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Adv Cancer Res. 2015;128:173-96. doi: 10.1016/bs.acr.2015.04.014. Epub 2015 May 28.

Tumor-Elicited Inflammation and Colorectal Cancer.

Author information

1
Departments of Pharmacology and Pathology, Laboratory of Gene Regulation and Signal Transduction, School of Medicine, University of California, San Diego, California, USA.
2
Departments of Pharmacology and Pathology, Laboratory of Gene Regulation and Signal Transduction, School of Medicine, University of California, San Diego, California, USA. Electronic address: karinoffice@ucsd.edu.

Abstract

The link between chronic inflammation and cancer has long been suspected, due to the pioneering work of Rudolf Virchow over 150 years ago. Yet the causal relationship between inflammation and cancer was only deciphered in the past decade or so, using animal models of various cancers. Up to 20% of all human cancers result from chronic inflammation and persistent infections. Proinflammatory cytokines and tumor-infiltrating myeloid and immune cells play critical roles in almost every developmental stages of inflammation-induced cancers, from initiation, promotion, and progression to malignant metastasis. However, even in cancers with no preceding inflammation, inflammatory cells infiltrate tumor stroma and contribute to cancer development. Such "tumor-elicited inflammation" further emphasizes the importance of inflammation in different types of cancers, including that of the colon. In this review, we summarize our current knowledge of the function and induction mechanisms of inflammatory cytokines during colorectal cancer development, and hope to provide insight into the development of novel anticancer therapies by modulating tumor-elicited inflammation.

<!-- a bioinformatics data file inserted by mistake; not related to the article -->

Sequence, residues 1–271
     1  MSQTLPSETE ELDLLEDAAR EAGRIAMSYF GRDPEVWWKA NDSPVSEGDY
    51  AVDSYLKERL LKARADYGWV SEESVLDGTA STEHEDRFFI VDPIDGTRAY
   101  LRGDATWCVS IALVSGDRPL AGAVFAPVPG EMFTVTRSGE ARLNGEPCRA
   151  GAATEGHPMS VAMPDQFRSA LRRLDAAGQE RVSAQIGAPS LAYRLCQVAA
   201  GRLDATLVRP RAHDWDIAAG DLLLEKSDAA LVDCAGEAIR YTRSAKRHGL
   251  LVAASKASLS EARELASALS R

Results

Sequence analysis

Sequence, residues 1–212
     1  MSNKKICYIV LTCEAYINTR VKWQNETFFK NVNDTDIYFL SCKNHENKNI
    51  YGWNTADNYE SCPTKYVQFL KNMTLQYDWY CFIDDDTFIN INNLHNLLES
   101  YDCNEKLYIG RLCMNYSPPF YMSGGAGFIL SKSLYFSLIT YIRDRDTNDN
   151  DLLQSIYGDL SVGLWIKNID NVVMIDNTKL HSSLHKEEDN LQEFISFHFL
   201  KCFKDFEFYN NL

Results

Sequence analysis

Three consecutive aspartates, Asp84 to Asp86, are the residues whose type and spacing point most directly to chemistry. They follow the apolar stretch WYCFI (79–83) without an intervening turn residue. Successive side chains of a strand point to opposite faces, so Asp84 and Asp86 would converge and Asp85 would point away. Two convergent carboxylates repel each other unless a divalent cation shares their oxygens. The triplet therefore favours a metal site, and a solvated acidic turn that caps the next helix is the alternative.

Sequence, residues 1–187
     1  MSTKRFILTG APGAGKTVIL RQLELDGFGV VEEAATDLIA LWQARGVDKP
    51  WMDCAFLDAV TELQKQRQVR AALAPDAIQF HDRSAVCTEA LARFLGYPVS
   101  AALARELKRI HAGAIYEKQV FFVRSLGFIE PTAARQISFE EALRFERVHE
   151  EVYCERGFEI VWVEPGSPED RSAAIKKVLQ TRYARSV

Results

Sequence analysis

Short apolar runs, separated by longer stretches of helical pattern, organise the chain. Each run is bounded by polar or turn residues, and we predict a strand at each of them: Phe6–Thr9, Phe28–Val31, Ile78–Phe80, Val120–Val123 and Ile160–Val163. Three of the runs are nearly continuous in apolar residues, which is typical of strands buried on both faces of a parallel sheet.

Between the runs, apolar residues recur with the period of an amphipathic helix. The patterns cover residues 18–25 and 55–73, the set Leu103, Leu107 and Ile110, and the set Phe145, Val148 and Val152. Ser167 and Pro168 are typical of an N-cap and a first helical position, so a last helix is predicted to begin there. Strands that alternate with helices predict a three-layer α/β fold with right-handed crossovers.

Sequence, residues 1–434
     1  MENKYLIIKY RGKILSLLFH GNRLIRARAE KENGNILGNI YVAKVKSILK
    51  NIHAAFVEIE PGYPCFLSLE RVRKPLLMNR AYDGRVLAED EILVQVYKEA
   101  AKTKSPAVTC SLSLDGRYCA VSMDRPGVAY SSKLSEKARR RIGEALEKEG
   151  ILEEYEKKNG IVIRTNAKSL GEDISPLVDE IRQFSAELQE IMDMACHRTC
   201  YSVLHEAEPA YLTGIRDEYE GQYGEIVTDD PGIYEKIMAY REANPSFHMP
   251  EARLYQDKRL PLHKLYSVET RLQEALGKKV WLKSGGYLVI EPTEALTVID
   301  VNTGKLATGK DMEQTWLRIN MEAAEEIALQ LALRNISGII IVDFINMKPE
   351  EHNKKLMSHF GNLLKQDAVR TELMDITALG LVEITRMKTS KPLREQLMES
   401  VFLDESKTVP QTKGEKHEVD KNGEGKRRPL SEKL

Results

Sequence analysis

KEYWORDS:

Colorectal cancer; IL-10; IL-17; IL-21; IL-22; IL-23; IL-6; Inflammation; TGF-β; TNF

PMID:
26216633
DOI:
10.1016/bs.acr.2015.04.014
[Indexed for MEDLINE]

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